Screen readers know to announce nested or unnested <ol> or <ul> elements as a list, and <li> as a list item. If an element other than <ol>,<ul> or <li>  is used to create a list, a screen reader will not recognize the list or any list items. In this case, ARIA roles can help. However, it’s definitely best to use the correct, semantic HTML element wherever possible.

Description List, Description Term, and Description Details

Section titled Description List, Description Term, and Description Details

Any key-value paired information fits well inside a description list (originally known as a definition list).

The three elements <dl>, <dt>, and <dd> are designed to be used together. In a description list, <dt> represents the key and <dd> gives the value of that key. For styling, adding microdata or other attributes, it is allowed (although some see this as a grey area) to wrap each key-value pair in a <div> element. You can use more than one <dt> element with a <dd> element.

Some screen readers such as VoiceOver for iOS will not announce these elements as list Because of this thing, it’s important to make sure each list item does make sense in the context of the other list items. Don’t at all be put things that even some screen readers do not announce these elements properly. Think about  how many other screen reader users will still benefit.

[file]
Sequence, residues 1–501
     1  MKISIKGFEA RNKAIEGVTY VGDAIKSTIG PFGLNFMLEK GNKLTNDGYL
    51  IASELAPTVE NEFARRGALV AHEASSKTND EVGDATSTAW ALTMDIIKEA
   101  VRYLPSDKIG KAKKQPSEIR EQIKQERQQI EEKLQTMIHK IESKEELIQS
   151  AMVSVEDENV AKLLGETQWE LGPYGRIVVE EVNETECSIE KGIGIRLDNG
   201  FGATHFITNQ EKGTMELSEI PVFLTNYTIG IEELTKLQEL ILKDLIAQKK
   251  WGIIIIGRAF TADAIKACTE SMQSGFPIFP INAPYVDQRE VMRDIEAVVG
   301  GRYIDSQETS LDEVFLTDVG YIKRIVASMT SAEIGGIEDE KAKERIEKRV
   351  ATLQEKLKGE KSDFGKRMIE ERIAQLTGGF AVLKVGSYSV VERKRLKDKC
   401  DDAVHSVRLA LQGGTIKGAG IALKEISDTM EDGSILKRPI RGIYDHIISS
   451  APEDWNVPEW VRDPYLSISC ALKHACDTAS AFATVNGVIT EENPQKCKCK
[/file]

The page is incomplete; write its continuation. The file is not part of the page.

Time and Datetime (attribute)

The section titled Time and Datetime (attribute)

The time element is used with the datetime attribute. This attribute’s value can take formats such as:

  • YYYY-MM-DDThh:mm:ssZ

See these used in the example code block above.

The datetime value can provide a standardized, machine-readable date or time that can be accessed by assistive technology. The human-readable date or time can be placed between the time element.

There are quite a few ways to provide a valid datetime value so I won’t list them all here. However, there are available resources on the web for checking this. If a page uses JavaScript, then one great resource for creating dates is date-fns. As with all JS libraries, it is really good to check that the HTML it outputs is accessible and semantic.